WASHINGTON – Over Veterans Day weekend, U.S. Senator Tommy Tuberville (R-AL) penned an op-ed in the Washington Examiner about the critical need to ensure our veterans have the best healthcare possible. In the piece, Coach Tuberville explains why he is supporting the Restore VA Accountability Act of 2023 to create transparency at the VA.
Excerpts can be found below and the entire op-ed can be found here.
“Taking care of our veterans is a sacred duty. In Abraham Lincoln’s Second Inaugural Address, he resolved our nation to “care for him who shall have borne the battle and for his widow and his orphan.” President Lincoln’s statement has carried through the generations and led to the establishment of the Veterans Administration nearly 100 years ago…
“Veterans should have the best medical care in this country, but at times they have had some of the worst. Under the Obama Administration, the Phoenix VA became embroiled in a national scandal when a number of veterans died while waiting for care—and VA employees were caught lying about it…
“When President Trump came into office, Congress passed, on a bipartisan basis, a bill called the VA Accountability and Whistleblower Protection Act. This federal law gave the VA the power to fire employees for cause, including for poor performance or grievous misconduct. This led to the firing of more than 5,000 VA employees who weren’t doing their jobs…
“The Biden Administration has reached a lawsuit settlement in which the VA has agreed to stop using the firing authority that Congress gave them. The law is still on the books, but now the Biden Administration has promised not to use it…
“That’s why I have joined legislation in the United States Senate to restore the VA Accountability Act to its full Trump-era strength. Our legislation would cut bureaucratic red tape to allow VA leaders to discipline employees who aren’t doing their jobs…
“Most VA employees do their jobs every day—and we are thankful for them. But we saw in the Obama years that it only takes a few bad actors to lead to long waiting lists and even veterans dying while waiting in line. It’s time for the Senate to pass this legislation into law before all of the improvements made at the VA under President Trump are lost…”
The bipartisan Department of Veterans Affairs Accountability and Whistleblower Protection Act of 2017 gave the U.S. Department of Veterans Affairs (VA) the ability to hold employees accountable through a new authority—widely referred to as Section 714 authority—that allowed for the expedited removal, demotion, or suspension of employees for poor performance or misconduct. Senators Rubio and Tester, with 39 bipartisan cosponsors, developed the Act in response to the Phoenix VA wait list crisis and the ensuing lack of accountability for the VA employees involved in the willful misconduct that may have contributed to the deaths of veterans waiting for care.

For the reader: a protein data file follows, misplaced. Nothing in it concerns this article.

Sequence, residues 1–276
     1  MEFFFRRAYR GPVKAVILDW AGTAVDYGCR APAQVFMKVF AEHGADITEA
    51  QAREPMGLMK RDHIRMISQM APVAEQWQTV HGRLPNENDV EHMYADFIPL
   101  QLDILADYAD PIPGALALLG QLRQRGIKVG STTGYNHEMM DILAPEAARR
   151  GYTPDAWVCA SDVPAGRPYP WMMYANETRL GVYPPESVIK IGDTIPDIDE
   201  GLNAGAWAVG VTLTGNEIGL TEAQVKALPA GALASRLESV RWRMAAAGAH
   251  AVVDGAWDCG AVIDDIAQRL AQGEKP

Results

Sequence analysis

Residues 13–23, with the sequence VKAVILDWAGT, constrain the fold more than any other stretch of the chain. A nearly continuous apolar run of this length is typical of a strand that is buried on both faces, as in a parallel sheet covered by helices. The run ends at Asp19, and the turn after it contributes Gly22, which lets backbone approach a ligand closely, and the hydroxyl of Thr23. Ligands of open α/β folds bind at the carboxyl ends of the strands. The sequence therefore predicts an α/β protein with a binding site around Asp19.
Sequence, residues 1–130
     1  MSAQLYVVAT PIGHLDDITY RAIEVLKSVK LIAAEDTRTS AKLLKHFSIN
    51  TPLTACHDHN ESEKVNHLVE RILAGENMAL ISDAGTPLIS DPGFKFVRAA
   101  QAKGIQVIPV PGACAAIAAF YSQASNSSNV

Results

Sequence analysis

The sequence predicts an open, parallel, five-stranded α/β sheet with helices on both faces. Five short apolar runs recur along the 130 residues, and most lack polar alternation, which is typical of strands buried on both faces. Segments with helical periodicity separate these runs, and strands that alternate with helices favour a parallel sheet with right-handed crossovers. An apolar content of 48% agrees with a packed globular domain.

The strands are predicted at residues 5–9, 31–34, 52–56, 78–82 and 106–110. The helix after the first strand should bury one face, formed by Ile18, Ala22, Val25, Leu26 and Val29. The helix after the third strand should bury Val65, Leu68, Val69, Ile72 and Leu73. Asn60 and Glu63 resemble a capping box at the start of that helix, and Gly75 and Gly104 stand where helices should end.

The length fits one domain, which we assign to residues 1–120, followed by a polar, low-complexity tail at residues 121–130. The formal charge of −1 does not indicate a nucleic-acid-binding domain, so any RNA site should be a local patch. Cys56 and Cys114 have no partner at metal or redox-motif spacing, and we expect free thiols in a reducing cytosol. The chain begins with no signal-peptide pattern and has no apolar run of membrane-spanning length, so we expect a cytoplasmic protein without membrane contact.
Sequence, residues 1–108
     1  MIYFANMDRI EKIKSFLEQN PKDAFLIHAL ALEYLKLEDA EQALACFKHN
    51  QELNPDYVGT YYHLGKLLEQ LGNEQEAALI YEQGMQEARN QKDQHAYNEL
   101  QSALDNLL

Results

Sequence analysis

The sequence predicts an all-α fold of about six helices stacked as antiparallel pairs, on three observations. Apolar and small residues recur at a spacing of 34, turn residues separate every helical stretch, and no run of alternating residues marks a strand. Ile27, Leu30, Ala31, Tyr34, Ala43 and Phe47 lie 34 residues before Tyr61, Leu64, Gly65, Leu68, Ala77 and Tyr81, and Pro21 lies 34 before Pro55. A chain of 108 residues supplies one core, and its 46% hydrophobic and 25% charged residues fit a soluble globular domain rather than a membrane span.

Examples of dereliction of duty reported by Trump Administration before the Enactment of the VA Accountability Act in June 2017:
- An employee at a VA facility in Memphis, Tennessee returned to work after three DUI convictions.
- An employee at a VA facility in Puerto Rico was involved in an armed robbery, but returned to work as a clerk at the facility after pleading guilty to two misdemeanors.
- An employee continued to work after video caught him watching pornography with a patient and a top administrator.
Passage of the VA Accountability Act of 2017 allowed VA to cut through cumbersome bureaucratic processes to hold bad employees accountable in an expedited manner, providing VA employees with a healthier workplace, and rapidly increasing veterans’ trust in VA.
The VA decided to no longer utilize Section 714 authority as of April 3, 2023, allowing VA workers who were dismissed of duties with cause to return to their positions. Before the House Veterans’ Affairs Committee in March, VA Secretary McDonough testified, “Section 714 wasn’t really helping us necessarily manage our workforce as much as it was getting us in front of federal judges and in front of administrative bodies.” He further stated, “in all cases we do think we have what we need to manage our authorities outside” the 2017 law.
The bipartisan Restore VA Accountability Act of 2023 would restore accountability for the VA while protecting whistleblowers. Specifically, the legislation would:
- Ensure VA decisions supported by substantial evidence are upheld on appeal.
- Negate the requirement for a performance improvement plan prior to disciplinary action.
- Unlock expedited removal, demotion or suspension authority for use with all categories of VA employees.
- Align the disciplinary authority for unsatisfactory VA managers and supervisors with the process currently in place for members of the Senior Executive Service.
Senator Tommy Tuberville represents Alabama in the United States Senate and is a member of the Senate Armed Services, Agriculture, Veterans’ Affairs, and HELP Committees.